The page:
When you signed up for your mobile plan, your carrier may have signed you up for an extra program that uses data including your Internet history to target you with ads.
I visited my own Verizon account settings and found that yep, I was enrolled in what the company calls “Custom Experience.” Not only do I have no memory of saying yes, I had no idea wireless carriers were in the business of peeking in on my activities and using that information to market to me. And my blissful ignorance works in favor of the company.
At Help Desk, we read privacy policies so you can save time. This week, Ron, a curious reader from Houston, inspired us to dive deeper into mobile carriers. I read the privacy policies from the three major wireless carriers, and my eyeballs are only bleeding a little. AT&T, Verizon and T-Mobile have some less than great privacy practices hiding in plain sight.
Depending on the carrier, it can draw on your browsing history, location data, call logs and even app use to learn things about you and nudge you to spend more money on products from themselves or third-party companies. The good news is that you can opt out whenever you want, and we are going to show you how. Are there other privacy policies you want us to check? Send them our way at firstname.lastname@example.org.
AT&T has a “Relevant Advertising” program in which customers are automatically opted in, and the company draws on information including your browsing history and videos you have watched to help show you targeted ads. If you sign up for “Enhanced Relevant Advertising,” your device location and call history are also fair game.
Verizon has a program that works similarly. Customers appear to be automatically opted into its “Custom Experience,” which means the company can use your browsing history and data from your apps to help target ads. The company says it “makes efforts” not to target you based on any adult sites you visit, health conditions and sexual orientation. Thanks, Verizon. If you said yes to “Custom Experience Plus” at any point, the company can also use your location data and call logs.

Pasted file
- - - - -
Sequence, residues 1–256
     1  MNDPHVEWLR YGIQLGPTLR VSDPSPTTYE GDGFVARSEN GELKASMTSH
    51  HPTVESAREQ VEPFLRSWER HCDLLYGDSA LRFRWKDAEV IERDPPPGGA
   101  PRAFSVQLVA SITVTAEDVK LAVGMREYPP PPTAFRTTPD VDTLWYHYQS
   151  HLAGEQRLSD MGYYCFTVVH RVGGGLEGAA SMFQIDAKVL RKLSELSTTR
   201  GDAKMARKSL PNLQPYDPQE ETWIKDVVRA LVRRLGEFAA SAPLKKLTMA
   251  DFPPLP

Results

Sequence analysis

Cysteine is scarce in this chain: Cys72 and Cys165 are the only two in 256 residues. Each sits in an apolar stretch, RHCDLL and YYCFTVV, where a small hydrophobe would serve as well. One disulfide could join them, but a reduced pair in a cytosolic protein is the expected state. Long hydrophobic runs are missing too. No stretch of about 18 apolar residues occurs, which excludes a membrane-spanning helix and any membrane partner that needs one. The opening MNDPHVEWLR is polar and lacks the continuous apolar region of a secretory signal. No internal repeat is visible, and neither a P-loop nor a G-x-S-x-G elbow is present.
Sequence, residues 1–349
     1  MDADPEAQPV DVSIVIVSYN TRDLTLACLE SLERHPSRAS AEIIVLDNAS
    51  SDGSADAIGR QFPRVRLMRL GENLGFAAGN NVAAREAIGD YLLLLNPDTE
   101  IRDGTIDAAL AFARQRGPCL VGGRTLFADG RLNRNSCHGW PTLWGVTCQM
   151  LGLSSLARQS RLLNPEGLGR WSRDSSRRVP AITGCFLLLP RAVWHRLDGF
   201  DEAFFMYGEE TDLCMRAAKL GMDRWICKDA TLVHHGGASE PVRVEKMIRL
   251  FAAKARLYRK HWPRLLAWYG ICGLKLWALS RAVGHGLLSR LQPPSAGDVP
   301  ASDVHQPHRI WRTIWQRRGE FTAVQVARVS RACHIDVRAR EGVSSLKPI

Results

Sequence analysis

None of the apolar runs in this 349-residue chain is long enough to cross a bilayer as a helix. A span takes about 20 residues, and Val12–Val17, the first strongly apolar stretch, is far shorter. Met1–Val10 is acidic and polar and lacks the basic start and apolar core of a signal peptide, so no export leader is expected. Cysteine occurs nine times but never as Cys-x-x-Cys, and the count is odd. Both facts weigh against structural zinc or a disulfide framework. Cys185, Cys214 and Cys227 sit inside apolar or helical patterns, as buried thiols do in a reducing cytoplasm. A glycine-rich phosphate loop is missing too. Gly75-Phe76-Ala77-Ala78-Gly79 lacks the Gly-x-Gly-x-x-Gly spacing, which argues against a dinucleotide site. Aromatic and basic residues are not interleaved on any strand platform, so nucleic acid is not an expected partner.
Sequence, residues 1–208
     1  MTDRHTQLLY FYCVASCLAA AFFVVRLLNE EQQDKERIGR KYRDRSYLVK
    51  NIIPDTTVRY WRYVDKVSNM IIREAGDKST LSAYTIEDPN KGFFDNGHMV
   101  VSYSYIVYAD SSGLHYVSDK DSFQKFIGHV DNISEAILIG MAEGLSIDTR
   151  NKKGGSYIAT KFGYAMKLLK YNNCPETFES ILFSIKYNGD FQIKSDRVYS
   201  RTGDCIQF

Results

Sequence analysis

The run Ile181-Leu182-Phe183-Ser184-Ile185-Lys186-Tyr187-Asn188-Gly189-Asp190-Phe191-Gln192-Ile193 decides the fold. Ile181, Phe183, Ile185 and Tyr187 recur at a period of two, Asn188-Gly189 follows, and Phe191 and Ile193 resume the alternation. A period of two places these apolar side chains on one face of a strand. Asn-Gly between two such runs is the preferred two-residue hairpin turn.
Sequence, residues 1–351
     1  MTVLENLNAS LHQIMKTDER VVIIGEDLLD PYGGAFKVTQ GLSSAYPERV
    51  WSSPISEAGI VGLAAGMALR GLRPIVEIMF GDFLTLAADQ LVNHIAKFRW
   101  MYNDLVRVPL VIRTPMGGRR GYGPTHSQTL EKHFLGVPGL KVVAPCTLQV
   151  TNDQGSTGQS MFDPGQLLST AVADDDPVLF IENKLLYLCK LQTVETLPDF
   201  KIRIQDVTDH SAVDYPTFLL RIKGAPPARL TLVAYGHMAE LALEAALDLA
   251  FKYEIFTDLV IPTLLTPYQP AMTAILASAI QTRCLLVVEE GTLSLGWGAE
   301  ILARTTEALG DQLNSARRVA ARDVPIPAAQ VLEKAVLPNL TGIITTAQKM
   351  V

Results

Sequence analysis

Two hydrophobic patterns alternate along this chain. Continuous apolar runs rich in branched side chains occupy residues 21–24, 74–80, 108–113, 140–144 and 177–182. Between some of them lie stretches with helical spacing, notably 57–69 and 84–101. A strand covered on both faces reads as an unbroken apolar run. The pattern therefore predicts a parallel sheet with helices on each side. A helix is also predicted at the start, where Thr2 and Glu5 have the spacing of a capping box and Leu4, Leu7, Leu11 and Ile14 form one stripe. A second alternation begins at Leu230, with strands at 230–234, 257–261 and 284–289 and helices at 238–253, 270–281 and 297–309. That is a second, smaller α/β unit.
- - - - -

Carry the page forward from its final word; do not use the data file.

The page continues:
In comparison, T-Mobile seems relatively tame when it comes to this information. It says it does not use any browsing, precise location or call history data for its ad program, but it can use your “mobile app usage” and data on video viewing, according to its website.
According to the companies, staying enrolled in these programs will improve your experience by showing you more relevant ads. If targeted ads spark joy and you are fine with your cell carrier using your information to make money, you can stop reading now and pour yourself a lemonade.
Verizon says that if you choose to stay in “Custom Experience,” the company uses data including your Internet history to put you into interest categories like “sports lover.” A spokeswoman said the program does not involve any third-party targeted advertising, but she declined to tell me whether Verizon shares inferences with outside companies.
As always, it can be hard to know for sure where your information ends up. T-Mobile appears to be the only carrier of the three with a public list of its third-party partners.
You can opt out of these ad programs any time. AT&T customers can opt out by signing into att.com, navigating to the “Consent Dashboard” and scrolling to the section called “Control How We Use Your Data.” Opt out of “Relevant Advertising” and check that you are not signed up for “Enhanced Relevant Advertising.”
Verizon customers can opt out of the “Custom Experience” program by going to their privacy settings in the My Verizon app. While you are there, you should also check that you have not said yes to “Custom Experience Plus.”
T-Mobile says customers can opt out by opening the app, going to “Advertising and Analytics” then “Use My Data To Make Ads More Relevant To Me.” Turn the toggle off so that it turns gray. On the website, go to “My Account” then “Profile.” Click “Privacy and Notifications” then “Advertising and Analytics,” then “Use My Data To Make Ads More Relevant To Me.” Turn the toggle off.
Two of my Washington Post colleagues tried to opt out on T-Mobile accounts, and both got an error message saying it “looks like we got our wires crossed.” When they tried via the website, it froze or showed an error message. A T-Mobile spokeswoman said the company had not heard of any problems but was working to address the issue. Keep in mind that opting out does not necessarily stop carriers from collecting your data or marketing their own products to you.
I would recommend opting out of all these ad programs. It is tough to determine exactly what personal information these companies are sharing with whom, and it is shady for the companies to opt you in by default.
It will be tempting for any company with as much data access as a cell carrier to make some money off your information. What matters is that customers are given clear descriptions of how our data is monetized and that companies stop opting us in by default.
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